Sportswear retailer Lululemon Athletica Inc. saw a 13 per cent boost in revenue in the second quarter and beat analyst estimates for the period as industry watchers eye the athleisure market for signs of softness.

The Vancouver-based retailer reported Thursday diluted earnings of US$48.7 million per in the three months ended July 30, or US36 cents per share, compared with earnings of US$53.6 million (US39 cents). Excluding the impact of restructuring its Ivivva youth store operations, the retailer reported adjusted earnings per share of US39 cents. Analysts were anticipating earnings per share of US35 cents, according to estimates from Thomson Reuters.

Revenue rose to US$581.1 million, from US$514.5 million a year ago, and same-store sales including online operations rose seven per cent.

Lululemon’s stock was up almost six per cent at US$60.89 Friday in premarket trade.

“I am excited by the momentum in our business as we enter fall,” chief executive Laurent Potdevin told a conference call with analysts after market close.

“I have full confidence that we can deliver on our 2020 vision” of hitting US$4 billion in annual revenue, he said.

The results come as analysts are looking for signs that the trend of wearing athleticwear as fashion outside of the gym could be coming to an end.

Last week, analyst Christian Buss noted an uptick in online markdowns in the quarter, which could suggest the retailer was trying to get rid of excess inventory.

“We are concerned to see heavier levels of online apparel discounting relative to historical norms,” Buss wrote in a note to clients, not the norm for “a brand which has usually limited discounts to post-holiday clearance activity.”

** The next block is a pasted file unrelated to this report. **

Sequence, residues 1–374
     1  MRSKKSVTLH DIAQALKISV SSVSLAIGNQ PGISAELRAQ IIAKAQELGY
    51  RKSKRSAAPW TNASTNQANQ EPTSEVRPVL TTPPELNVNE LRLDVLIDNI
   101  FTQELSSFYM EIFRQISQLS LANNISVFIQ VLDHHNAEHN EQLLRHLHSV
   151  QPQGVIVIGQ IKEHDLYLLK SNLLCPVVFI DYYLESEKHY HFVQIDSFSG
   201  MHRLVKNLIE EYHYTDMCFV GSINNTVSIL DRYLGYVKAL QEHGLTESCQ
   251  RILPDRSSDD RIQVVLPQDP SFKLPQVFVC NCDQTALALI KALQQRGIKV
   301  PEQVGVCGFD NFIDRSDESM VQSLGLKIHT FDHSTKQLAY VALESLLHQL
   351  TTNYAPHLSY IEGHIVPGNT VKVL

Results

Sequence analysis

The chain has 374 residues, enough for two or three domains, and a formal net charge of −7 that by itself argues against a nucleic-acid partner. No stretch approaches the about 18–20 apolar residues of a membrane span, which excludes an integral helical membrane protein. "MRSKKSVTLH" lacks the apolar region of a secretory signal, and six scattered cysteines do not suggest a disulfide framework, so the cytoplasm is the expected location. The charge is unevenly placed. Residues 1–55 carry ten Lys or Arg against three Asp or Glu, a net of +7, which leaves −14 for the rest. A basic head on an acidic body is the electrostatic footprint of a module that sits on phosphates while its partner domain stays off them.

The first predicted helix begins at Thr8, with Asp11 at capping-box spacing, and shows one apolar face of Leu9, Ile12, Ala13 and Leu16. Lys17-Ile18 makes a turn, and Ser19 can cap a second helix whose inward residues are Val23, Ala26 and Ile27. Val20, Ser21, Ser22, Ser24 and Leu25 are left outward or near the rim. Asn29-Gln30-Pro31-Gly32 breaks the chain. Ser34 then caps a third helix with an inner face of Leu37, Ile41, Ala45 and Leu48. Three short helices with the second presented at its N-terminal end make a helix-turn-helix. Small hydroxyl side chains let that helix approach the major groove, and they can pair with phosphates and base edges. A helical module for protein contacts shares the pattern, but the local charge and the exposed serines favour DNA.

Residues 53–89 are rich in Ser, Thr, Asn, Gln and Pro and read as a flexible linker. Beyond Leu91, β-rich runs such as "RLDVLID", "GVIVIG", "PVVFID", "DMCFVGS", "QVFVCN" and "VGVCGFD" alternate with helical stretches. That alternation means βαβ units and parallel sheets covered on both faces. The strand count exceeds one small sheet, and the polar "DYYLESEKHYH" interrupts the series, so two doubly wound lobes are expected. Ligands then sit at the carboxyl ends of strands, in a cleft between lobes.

Online revenue rose 29 per cent in the period as the company held an online warehouse sale. Excluding the impact of the sale, direct to consumer net revenue rose 15 per cent.

“The decisions and when we make decisions to hold warehouse sales are really driven by our inventory position,” chief financial officer Stuart Haselden told analysts. “We don’t do it as a revenue driver… and we don’t want to train our guests to wait for them,” he added, noting the retailer does not plan to hold such sales at set intervals.

Analyst Neil Saunders, managing director of GlobalData Retail, said Lululemon’s results “stand in direct contrast” to those of many other sporting retailers.

“In our view, the numbers are a testament to Lululemon’s brand strength, the credibility of its products, and to its constant focus on innovation,” he said in a statement. “They have enabled the group to take share in a crowded, competitive marketplace where consumer demand is a little more muted than it once was.”

Weak performance from rival retailers such as Dick’s and Foot Locker go beyond a weakened demand for athletic wear, Saunders added, and highlight the fact that consumers are increasingly switching to buying directly from brands.

“Lululemon is proof that a well-configured, focused brand can secure customer loyalty far better than a retailer selling a diffuse range of different products with little coherence.”

Lululemon recorded pre-tax costs of US$5.4 million in the second quarter related to the Ivivva restructuring.

hshaw@nationalpost.com

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